Part 3 of the collection has a total of seven essays on "Editing and Interpreting Religious Texts." Oliver Pickering's contribution is a close study of the revision of texts, specifically of verse turned into prose and also of prose turned into verse, the latter of which was uncommon in Middle English but can be found in the short didactic piece Nine Points Best Pleasing to God (at times it is known as Nine Virtues). His essay emphasizes the fluidity found in Middle English literature, and how some individual works shift between verse and prose. Such hybrid texts present challenges to editors, especially when they must consider the visual design of the text and how layout and form affect readability and interpretation. Pickering's essay includes a re-edited edition of the text found in Oxford, Bodleian Library MS Rawlinson C. 285 and Cambridge, Cambridge University Library MS Ff.5.40 that embraces the hybridity of verse and prose found in Nine Points. Susan Powell continues her engagement with John Mirk's Festial with an essay that provides us with some of the scholar's recent thoughts on textual matters since the publication of her two-volume edition of the work for EETS, supporting the notion that a scholar's work is never truly complete. For anyone working on Mirk's Festial, Powell's contribution of extended explanatory notes is important. Margaret Connolly revisits her edition of The Contemplations of the Dread and Love of God and reexamines her decision to not include separately circulated chapters of the work, a "pragmatic decision" (230) at the time of researching and writing, yet it was one that considered how "the form that a modern edition takes will frame the interpretation of the text, and may even introduce distortions on its own" (231). Veronica O'Mara's essay continues the theme of difficult editorial decisions with a chapter that studies a selection of prayers from The Processional of the Nuns of Chester. O'Mara is concerned here with editorial and indexing methods related to identification and categorization of medieval prayer, and her essay includes some important insights regarding prayers that have been translated into Middle English from other longer works, and post-1500 prayers and the challenge of identifying sources. Mayumi Taguchi's piece continues the discussion on the importance of sources when compiling and editing a text, and inspects the use of sources in the anonymous, late fifteenth-century work The Historye of the Patriarks and William Caxton's Golden Legend. Taguchi describes how both works relied on the Vulgate Bible and biblical compendia (such as the Latin Historia Scholastica and its French translation, the Bible Historiale) and suggests that Caxton's method and process resulted in the creation of new vernacular Bible translations. Martha Driver's focused chapter is on a text that Marx knew well, the prose Gospel of Nicodemus, and she examines the illustrations that are found in the first printed edition by Julian Notary and the second printed edition by Wynkyn de Worde. Specifically, Driver's essay (augmented by sixteen well-chosen images) looks at de Worde's adaptation of Notary's woodcuts and analyzes the way the illustrations "serve as supplementary presentational 'language' to guide the reader thorough the text" (285). Driver observes that printers such as Notary and de Worde were more than printers; they were actively engaged in the creation of literature and realized the importance that the layout, form, and scale of image/text has on interpretation. John J. Thompson's essay concludes the volume with a discussion of some of the pressing matters with which Marx has continually grappled, specifically how reading practices of vernacular texts have fluctuated over time, and especially during periods marked by political and religious change. As with all of the contributors to this volume, Thompson centers his discussion on texts that Marx knew well, and here in this chapter the focus for Thompson's argument are two texts from the peudo-Bonaventuran tradition: Nicholas Love's Mirror of the Blessed Life of Jesus Christ and the Privity of the Passion.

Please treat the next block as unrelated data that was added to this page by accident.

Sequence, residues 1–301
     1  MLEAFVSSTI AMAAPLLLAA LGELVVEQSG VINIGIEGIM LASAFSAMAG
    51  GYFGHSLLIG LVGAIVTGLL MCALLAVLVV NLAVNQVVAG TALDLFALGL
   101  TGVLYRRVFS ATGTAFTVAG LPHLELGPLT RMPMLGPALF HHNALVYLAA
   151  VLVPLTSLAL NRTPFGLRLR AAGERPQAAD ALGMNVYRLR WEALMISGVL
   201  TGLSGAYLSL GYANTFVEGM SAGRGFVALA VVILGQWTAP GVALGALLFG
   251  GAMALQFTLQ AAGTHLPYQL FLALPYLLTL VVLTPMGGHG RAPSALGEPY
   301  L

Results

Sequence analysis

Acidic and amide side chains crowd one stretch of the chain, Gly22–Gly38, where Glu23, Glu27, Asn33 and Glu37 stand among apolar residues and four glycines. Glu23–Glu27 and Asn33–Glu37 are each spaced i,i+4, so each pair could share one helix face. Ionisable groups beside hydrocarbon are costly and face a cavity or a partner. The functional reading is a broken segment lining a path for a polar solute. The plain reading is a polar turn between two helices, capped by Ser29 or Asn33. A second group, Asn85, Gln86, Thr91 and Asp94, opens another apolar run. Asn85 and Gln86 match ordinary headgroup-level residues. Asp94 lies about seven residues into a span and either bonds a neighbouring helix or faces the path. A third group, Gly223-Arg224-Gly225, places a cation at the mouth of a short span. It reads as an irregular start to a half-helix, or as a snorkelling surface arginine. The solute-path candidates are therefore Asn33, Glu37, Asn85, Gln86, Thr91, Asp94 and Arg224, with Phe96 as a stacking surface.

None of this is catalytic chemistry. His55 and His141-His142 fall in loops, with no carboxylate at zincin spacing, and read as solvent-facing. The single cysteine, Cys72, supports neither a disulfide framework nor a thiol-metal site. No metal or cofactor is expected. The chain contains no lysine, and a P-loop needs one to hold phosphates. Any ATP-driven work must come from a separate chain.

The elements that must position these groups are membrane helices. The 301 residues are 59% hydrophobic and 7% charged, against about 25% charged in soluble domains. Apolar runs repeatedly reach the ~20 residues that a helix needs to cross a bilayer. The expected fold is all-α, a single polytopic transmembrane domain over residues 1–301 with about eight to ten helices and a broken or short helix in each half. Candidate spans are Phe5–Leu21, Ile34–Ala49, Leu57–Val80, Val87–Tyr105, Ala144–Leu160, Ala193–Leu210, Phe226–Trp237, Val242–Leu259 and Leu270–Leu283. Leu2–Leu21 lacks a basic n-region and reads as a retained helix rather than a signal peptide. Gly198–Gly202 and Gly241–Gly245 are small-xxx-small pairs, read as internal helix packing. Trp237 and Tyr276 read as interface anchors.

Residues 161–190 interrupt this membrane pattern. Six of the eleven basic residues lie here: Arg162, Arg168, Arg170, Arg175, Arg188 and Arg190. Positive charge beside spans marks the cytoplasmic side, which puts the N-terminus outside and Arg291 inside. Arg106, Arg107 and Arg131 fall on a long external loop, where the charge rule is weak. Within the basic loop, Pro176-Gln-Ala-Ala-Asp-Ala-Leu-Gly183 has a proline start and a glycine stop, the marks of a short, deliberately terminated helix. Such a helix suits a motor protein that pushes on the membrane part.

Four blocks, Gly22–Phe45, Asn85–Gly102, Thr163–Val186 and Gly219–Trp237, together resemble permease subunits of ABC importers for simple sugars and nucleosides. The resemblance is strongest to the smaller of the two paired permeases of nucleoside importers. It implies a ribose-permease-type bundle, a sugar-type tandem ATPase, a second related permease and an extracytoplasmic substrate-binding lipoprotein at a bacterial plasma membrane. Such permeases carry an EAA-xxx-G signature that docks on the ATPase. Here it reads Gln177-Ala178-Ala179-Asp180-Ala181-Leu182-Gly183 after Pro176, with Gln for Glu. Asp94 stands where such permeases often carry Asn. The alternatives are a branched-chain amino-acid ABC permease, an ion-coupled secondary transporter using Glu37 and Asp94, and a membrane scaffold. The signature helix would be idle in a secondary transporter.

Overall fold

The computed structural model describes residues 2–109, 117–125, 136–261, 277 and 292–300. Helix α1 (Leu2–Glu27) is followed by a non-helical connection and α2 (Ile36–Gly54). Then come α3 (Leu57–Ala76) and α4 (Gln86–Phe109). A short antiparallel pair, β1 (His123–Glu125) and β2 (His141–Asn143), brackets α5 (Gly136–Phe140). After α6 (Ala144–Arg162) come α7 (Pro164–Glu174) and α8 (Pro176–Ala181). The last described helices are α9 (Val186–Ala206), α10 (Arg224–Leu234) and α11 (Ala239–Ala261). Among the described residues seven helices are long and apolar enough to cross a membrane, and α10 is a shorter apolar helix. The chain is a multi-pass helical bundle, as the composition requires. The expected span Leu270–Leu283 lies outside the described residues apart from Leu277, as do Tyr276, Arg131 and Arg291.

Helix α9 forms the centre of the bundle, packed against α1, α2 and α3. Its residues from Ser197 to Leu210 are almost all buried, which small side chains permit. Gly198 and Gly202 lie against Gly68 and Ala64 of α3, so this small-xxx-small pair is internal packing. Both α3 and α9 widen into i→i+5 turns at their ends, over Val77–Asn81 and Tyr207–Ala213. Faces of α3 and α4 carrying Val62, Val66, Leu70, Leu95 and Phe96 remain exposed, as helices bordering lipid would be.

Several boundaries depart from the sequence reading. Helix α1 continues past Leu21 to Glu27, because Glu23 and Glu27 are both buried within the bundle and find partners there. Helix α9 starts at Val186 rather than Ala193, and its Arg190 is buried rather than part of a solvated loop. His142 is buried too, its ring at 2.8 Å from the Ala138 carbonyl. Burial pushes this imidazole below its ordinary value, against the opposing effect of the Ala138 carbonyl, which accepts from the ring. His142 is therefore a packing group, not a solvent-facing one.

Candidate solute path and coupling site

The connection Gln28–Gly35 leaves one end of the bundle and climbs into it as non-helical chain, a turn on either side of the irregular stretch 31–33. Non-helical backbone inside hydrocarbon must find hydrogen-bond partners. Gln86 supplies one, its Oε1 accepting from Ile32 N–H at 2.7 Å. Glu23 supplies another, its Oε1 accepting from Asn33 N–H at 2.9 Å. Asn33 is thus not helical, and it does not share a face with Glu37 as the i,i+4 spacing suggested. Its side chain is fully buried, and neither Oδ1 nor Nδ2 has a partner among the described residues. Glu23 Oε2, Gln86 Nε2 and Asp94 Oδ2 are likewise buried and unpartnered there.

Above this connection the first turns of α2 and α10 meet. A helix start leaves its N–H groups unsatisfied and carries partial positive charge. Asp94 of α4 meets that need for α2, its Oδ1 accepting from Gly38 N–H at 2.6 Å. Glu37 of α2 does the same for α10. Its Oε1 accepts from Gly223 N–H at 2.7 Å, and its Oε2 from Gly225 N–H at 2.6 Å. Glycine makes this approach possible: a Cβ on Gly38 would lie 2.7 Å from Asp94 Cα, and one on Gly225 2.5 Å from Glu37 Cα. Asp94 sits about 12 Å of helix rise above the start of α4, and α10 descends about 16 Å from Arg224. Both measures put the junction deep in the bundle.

This volume of essays belongs on the bookshelf of any scholar interested in the complicated but rewarding nature of editing and interpreting Middle English texts. The contributors honor William Marx through the depth and rigor of their essays that continue the intellectual conversations that he has had with the above mentioned works, and the editors are to be commended for assembling a cohesive, thoughtful, and attractive festschrift that embraces and advances the honoree's intellectual passions.